GOP Debate 2016: Ted Cruz, Marco Rubio Identify Latinos Are Not Single-Issue Voters
The final Republican presidential debate before "Super Tuesday" wrapped up on Thursday night, and issues affecting the Latino electorate were addressed from the start.
Electability: Attracting Latino Voters
The GOP debate, which aired on CNN and Telemundo, includes two Latino presidential candidates -- Sen. Marco Rubio of Texas and Sen. Ted Cruz of Texas, the latter of whom became the first Hispanic to win a major caucus or primary election, specifically the Iowa caucus last Feb. 1. Cruz was asked about the perception of not attracting the Latino electorate and instead engaging with Rubio on who has the tougher immigration stance and siding with the majority of Republican Party supporters.
Cruz acknowledged, that of the five remaining Republican presidential candidates on the primetime stage, two are the sons of Cuban immigrants and "it really is the embodiment of the incredible opportunity and promise this nation provides." The Texas senator added that there is a misconception that Hispanics are liberal but there are in fact Hispanics with Republican ideologies.
"[I]f you look at the values in the Hispanic community, the values in our community are faith, family, patriotism," said Cruz, adding the Obama-Clinton policies have done "enormous damage" in the Hispanic community.
Rubio echoed Cruz's comment on the diversity on the GOP debate, including African American Ben Carson. The Florida senator said the Republican Party is the true political party of diversity. He added that there is a need to move away from thinking Latinos only care about immigration. While immigration is an important topic, Rubio said "the most powerful sentiment in the Hispanic community, as it is in every immigrant community, is the burning desire to leave your children better off than yourself and you can only do that with free enterprise -- that's what we stand for, not socialism like Bernie Sanders and, increasingly, Hillary Clinton."
Immigration, Deportation & Deferred Action
Rubio defended his stance opposition President Barack Obama's immigration executive action, namely the Deferred Action for Childhood Arrivals (DACA), which has allowed select undocumented immigrant youths to stay in the U.S. with two-year renewable permits. Previously during an interview with Univision, prior to his presidential bid, Rubio said DACA would cease "at some point" but is now supporting to end the deferred action program on his first day in the White House.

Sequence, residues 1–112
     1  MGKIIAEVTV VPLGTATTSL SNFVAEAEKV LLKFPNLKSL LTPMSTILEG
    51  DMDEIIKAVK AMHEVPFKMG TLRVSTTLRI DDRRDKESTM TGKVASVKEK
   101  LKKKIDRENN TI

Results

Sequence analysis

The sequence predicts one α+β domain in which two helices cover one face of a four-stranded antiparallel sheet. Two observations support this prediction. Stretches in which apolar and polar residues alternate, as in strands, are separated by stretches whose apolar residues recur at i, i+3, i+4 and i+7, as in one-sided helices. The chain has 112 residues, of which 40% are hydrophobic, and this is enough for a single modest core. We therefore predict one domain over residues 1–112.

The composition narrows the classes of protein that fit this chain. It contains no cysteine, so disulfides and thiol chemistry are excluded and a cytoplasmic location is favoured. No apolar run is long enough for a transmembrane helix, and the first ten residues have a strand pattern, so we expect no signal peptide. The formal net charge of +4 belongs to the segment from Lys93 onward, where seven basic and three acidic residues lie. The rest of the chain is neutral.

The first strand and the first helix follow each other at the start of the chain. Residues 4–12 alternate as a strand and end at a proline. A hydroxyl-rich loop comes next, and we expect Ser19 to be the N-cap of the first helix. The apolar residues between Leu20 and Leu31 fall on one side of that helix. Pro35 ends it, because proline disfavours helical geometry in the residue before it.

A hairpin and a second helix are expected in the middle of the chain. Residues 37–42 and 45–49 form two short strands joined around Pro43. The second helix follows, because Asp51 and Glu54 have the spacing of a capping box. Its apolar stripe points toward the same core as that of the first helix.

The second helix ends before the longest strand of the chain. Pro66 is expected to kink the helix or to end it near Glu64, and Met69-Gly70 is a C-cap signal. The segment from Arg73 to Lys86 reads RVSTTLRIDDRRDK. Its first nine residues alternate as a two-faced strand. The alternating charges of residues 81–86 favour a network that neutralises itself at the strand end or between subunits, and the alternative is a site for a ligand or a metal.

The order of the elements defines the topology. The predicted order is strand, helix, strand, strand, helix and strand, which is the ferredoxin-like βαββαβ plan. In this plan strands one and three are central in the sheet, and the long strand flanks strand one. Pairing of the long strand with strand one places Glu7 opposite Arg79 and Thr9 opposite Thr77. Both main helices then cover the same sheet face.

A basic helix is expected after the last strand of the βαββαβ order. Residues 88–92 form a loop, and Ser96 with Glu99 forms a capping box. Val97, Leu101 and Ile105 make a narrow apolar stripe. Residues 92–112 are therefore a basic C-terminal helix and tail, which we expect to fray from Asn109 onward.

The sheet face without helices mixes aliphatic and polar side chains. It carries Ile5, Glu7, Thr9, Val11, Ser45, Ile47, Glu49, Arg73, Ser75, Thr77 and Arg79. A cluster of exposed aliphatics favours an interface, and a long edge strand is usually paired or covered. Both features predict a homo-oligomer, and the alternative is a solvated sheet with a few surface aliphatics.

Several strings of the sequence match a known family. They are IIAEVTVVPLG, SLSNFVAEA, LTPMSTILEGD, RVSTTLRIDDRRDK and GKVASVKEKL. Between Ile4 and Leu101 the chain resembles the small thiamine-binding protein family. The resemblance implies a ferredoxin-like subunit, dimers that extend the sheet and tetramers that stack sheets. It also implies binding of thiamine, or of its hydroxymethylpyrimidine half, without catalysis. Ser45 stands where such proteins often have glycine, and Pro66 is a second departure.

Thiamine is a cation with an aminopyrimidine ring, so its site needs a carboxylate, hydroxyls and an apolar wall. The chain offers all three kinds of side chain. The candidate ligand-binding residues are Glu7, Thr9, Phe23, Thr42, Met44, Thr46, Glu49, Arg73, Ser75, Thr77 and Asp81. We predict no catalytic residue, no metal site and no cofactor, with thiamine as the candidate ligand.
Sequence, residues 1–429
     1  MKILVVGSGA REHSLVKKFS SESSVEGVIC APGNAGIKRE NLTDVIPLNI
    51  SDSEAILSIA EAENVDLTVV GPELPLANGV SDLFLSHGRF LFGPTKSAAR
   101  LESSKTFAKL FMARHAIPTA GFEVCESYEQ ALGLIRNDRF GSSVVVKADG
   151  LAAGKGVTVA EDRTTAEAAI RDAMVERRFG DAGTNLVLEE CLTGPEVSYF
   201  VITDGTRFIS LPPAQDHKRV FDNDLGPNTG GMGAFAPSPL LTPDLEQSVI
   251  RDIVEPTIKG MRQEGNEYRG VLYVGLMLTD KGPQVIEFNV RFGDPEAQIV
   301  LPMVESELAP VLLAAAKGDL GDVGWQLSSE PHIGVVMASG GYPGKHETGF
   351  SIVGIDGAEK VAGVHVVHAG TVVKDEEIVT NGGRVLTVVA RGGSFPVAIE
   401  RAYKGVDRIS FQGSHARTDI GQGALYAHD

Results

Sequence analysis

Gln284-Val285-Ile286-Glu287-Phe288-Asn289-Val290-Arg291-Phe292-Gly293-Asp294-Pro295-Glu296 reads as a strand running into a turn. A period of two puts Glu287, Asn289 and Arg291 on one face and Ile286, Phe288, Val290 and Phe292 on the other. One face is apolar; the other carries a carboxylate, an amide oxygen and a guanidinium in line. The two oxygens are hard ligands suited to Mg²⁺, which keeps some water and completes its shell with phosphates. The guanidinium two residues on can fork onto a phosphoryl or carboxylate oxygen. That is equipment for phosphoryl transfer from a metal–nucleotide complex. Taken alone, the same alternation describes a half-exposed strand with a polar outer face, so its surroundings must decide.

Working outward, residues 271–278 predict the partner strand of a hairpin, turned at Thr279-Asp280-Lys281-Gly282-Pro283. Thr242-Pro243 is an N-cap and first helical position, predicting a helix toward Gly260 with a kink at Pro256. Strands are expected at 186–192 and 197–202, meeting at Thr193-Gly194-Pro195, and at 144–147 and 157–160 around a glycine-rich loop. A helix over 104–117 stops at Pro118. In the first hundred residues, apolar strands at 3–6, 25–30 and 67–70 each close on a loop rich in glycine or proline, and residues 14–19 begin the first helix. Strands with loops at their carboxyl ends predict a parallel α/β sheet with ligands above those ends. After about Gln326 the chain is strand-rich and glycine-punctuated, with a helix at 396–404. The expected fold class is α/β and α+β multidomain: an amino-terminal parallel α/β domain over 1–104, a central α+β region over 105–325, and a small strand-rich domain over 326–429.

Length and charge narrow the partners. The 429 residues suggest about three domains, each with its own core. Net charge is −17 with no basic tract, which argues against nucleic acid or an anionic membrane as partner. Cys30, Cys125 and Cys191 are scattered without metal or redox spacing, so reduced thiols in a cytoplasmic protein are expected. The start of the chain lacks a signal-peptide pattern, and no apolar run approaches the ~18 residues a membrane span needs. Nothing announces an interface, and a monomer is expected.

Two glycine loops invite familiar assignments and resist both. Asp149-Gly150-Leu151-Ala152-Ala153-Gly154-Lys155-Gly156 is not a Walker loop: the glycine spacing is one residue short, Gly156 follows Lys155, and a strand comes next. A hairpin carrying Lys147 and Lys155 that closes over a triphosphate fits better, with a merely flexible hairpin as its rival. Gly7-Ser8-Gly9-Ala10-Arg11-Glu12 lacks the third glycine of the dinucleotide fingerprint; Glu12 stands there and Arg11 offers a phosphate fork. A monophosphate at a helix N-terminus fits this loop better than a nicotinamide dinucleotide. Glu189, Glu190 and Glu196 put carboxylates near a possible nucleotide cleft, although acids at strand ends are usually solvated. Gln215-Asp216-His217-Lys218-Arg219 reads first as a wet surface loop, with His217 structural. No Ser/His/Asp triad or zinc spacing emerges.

Rubio explained the current DACA recipients will not be able to renew their permits nor will new applicants be allowed to apply.
"The problem with the executive order is it is unconstitutional. The president doesn't have the power to do that and he, himself, admitted that," Rubio said, later adding, "I am sympathetic to the plight of someone who came where when they were two or three years old through no fault of their own but you can't solve it by doing something that's unconstitutional no matter how sympathetic we may be to a cause we cannot violate the Constitution of th united states as this president does on a daily basis."
Current front-runner Donald Trump defended his mass deportation proposal, which will affect more than 11 million immigrants currently living in the U.S. Trump said the deportees, namely the "good ones," will have the opportunity to return to the U.S. by applying through the standard legal immigration process.
Trump also responded to former Mexico President Vincente Fox's remarks about the proposed wall between the U.S. and Mexico, that the Republican businessman insist Mexico will pay. Fox, during another interview, said he's "not going to pay for that f***ing wall."
"I will [have Mexico pay] and the wall just got 10-feet taller," said Trump, adding that Fox should apologize for using an obscenity on television.
"It's a small portion of the kind of money we lose and deficits we have with Mexico," Trump later said, stating the 1,000-mile wall would cost between $10 billion and $20 billion, much less compared to $200 billion if the project was handled by Rubio and Cruz.
Puerto Rico's financial crisis was addressed to only Rubio. The commonwealth, with residents who are also U.S. citizens are facing a $72 billion debt crisis, and leaders have called on Congress to allow Puerto Rico to receive the same bankruptcy protection laws as mainland U.S. states. Rubio disagrees with their pleas.
Rubio explained using the U.S. bankruptcy laws should only be used as a "last resort." He said the commonwealth's economy isn't growing, recognizing the "massive" exodus of professionals from Puerto Rico to the mainland U.S and high tax rates and cost of living.
"The leadership on the island has to show their willingness to get their house in order and put in place measures that allow the economy there to grow again. If the economy in Puerto Rico does not grow, they will generate the revenue to pay this debt or the billions of unfunded liabilities that they have on their books of promises they've made future generations to make payments," said Rubio, once again stating they may receive the similar bankruptcy laws but as a last resort.
For the latest updates, follow Latin Post's Michael Oleaga on Twitter: @EditorMikeO or contact via email: firstname.lastname@example.org.
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